“An extension of the CARES Act would be nice, but I don’t know if the government will get together in time to make that happen — or if there’s any desire to make that happen,” Marquez says.
As the New York Times reported, many renters have been getting by on unemployment benefits, family support, credit cards, or some combination of those things. Advocates around the U.S. are worried that the combined impact of expiring moratoriums and expiring benefits will mean more people can’t pay their rent, and more landlords will file for evictions. In Jacksonville, Florida, where, according to the Eviction Lab, landlords have been filing about 200 eviction notices per week in August, down slightly from prior years, some advocates have created an online tool to help tenants figure out their legal options when their landlords are trying to evict. Suzanne Garrow, an attorney with Jacksonville Area Legal Aid, says her group created the tool in cooperation with a local coder and the Center for Disaster Philanthropy. The area hasn’t seen the surge of evictions that some were expecting so far, Garrow says. But regulations are changing every week, and there aren’t enough lawyers to help everyone who is going to need it. And more rental assistance is critical too, she says.
“I understand that particularly small landlords need to get some rent at some point, so somebody should be able to figure that out,” Garrow says. “But having tons and tons of homeless families on the street as a result of this pandemic, and then being subject to the pandemic because they’re homeless, is a tragedy.”
Eviction notices have been creeping back upward in Columbus, Ohio, too, though they haven’t reached pre-pandemic levels yet, says Melissa Benson, managing attorney at the Legal Aid Society of Columbus. Ohio never enacted a statewide moratorium on evictions, though the state Supreme Court recommended that the local and county courts suspend evictions, which most did, she says. When the courts shut down initially, Benson says the Legal Aid Society and others began trying to figure out how they would conduct hearings safely when they started up again. Typically hearings are conducted on the 11th floor of a municipal building in a “cattle call” type situation, she says — a dangerous way to do business during the pandemic. Many courts have begun resuming eviction hearings — and in Columbus they are now using the convention center to hold housing court in Columbus, as Bloomberg reported. For tenants who are facing evictions, the Legal Aid Society is trying to help them work out a deal with their landlords, or else referring them to mediation services or the Franklin County Prevention, Retention, Contingency program, which provides emergency cash assistance for some families. Benson predicts that the loss of unemployment benefits will be even more of an accelerant for eviction cases than the expiration of the moratorium itself.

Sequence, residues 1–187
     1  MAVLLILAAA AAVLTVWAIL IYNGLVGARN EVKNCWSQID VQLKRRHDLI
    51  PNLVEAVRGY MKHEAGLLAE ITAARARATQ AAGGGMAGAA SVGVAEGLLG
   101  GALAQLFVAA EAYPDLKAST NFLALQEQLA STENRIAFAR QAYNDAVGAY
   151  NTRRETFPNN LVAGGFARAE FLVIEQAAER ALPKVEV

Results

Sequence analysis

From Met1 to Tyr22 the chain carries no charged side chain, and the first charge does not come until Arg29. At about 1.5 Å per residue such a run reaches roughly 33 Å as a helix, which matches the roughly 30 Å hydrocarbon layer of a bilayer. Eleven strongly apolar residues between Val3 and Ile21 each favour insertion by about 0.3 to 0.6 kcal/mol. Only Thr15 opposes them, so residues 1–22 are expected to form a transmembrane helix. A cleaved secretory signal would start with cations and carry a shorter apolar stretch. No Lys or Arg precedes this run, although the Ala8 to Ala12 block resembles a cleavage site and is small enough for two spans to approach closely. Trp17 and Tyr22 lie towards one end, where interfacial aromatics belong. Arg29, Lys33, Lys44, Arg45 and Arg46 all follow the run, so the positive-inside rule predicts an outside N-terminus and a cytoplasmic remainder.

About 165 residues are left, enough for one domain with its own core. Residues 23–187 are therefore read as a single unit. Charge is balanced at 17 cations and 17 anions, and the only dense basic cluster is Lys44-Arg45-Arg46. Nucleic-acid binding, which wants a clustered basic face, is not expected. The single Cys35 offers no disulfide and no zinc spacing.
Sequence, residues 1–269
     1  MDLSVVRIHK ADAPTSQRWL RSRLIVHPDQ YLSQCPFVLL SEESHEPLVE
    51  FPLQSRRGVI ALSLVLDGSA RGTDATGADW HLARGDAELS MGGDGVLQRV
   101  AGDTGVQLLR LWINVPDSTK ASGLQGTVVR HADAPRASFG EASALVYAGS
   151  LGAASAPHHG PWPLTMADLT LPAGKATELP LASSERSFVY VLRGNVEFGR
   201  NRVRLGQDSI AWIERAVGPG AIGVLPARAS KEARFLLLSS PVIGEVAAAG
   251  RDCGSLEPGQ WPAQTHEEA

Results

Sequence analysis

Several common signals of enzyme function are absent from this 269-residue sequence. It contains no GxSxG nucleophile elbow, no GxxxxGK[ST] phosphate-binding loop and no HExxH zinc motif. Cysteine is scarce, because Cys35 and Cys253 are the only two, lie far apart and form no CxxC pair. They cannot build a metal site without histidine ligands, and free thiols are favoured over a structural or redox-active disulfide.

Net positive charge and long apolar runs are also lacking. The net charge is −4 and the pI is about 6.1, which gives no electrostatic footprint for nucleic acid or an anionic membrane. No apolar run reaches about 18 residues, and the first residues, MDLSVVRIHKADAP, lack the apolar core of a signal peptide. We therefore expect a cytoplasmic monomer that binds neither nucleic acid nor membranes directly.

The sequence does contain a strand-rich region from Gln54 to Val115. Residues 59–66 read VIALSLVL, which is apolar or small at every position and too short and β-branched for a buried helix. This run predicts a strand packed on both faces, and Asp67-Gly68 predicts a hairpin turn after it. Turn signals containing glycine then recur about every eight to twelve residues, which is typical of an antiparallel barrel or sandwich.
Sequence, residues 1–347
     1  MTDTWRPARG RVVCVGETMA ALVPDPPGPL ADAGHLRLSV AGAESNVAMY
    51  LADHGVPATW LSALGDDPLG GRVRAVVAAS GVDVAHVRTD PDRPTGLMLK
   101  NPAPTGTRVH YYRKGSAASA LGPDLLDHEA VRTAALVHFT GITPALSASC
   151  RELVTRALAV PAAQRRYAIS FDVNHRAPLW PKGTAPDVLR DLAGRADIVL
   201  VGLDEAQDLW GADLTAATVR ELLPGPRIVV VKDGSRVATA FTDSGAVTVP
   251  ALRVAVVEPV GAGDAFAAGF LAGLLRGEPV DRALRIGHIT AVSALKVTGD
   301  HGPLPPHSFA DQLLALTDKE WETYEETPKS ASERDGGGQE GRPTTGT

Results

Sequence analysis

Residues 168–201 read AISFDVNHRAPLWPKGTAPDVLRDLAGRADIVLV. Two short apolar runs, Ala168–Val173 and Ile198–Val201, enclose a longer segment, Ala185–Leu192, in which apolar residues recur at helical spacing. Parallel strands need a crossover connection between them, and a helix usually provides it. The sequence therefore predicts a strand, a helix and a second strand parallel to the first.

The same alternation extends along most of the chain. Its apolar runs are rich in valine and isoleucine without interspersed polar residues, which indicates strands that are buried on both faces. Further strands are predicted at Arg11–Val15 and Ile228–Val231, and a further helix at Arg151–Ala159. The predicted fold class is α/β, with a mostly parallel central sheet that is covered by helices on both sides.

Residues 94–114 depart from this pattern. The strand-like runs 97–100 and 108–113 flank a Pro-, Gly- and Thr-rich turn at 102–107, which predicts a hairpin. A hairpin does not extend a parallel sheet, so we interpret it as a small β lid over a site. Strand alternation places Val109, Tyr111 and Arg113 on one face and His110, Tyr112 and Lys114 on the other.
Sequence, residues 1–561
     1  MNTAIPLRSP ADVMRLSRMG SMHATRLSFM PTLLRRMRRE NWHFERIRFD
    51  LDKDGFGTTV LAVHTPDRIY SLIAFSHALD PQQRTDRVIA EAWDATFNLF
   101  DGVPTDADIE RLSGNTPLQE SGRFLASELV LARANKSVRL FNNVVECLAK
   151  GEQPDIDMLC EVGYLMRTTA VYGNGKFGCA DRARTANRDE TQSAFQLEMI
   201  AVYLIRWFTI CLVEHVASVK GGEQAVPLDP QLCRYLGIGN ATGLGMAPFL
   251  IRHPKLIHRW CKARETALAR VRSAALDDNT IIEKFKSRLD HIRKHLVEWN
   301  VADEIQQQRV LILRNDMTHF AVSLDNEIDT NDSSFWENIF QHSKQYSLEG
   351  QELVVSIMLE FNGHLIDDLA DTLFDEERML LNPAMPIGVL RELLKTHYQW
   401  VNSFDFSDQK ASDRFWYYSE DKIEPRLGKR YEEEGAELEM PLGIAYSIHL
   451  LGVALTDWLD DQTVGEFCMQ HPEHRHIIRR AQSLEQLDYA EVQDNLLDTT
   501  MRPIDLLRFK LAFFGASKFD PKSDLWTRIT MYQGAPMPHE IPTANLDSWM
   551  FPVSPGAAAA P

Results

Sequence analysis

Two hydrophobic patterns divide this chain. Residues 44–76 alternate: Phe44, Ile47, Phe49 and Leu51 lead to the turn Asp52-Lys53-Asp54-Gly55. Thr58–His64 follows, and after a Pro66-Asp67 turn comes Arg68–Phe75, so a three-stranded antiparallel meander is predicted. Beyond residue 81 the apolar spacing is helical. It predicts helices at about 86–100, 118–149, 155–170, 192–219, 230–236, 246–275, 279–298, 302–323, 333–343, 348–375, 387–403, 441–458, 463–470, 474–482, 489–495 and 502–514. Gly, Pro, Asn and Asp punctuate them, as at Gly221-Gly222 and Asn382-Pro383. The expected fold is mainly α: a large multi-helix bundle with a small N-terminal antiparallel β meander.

“I expect there will be a continued and long term need for rental assistance,” she says.
Outside the major cities, the picture may look slightly different. Kristen Lewis, the advocacy director at Southeastern Ohio Legal Services, which covers mostly rural counties, says that eviction filings are higher than normal. Evictions were up 50 percent in June and July compared to last year, she says. During the Great Recession, Lewis says, institutions around the state rallied to keep as many homes as possible from being foreclosed on. The COVID-19 housing crisis could well be worse than that if governments don’t do more.
“We’ve got to figure out how to broadly address this, because you cannot have hundreds of families [in southeastern Ohio] homeless within a couple of months,” Lewis says. “The social services system will crash under the weight of that.”
This article is part of Backyard, a newsletter exploring scalable solutions to make housing fairer, more affordable and more environmentally sustainable. Subscribe to our twice-weekly Backyard newsletter.
Jared Brey is Next City's housing correspondent, based in Philadelphia. He is a former staff writer at Philadelphia magazine and PlanPhilly, and his work has appeared in Columbia Journalism Review, Landscape Architecture Magazine, U.S. News & World Report, Philadelphia Weekly, and other publications.